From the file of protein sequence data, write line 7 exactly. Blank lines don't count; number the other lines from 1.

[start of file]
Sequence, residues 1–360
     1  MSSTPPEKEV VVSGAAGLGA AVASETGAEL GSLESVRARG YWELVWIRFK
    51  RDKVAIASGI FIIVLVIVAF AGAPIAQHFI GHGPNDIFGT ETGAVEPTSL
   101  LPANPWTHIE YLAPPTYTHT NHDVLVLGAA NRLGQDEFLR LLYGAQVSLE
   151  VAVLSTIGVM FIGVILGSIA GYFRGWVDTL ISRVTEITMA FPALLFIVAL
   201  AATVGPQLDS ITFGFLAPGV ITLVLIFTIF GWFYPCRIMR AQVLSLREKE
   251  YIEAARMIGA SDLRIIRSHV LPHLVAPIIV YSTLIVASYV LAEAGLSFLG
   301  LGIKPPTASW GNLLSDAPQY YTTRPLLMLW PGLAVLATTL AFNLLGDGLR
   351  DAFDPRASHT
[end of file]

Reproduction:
   251  YIEAARMIGA SDLRIIRSHV LPHLVAPIIV YSTLIVASYV LAEAGLSFLG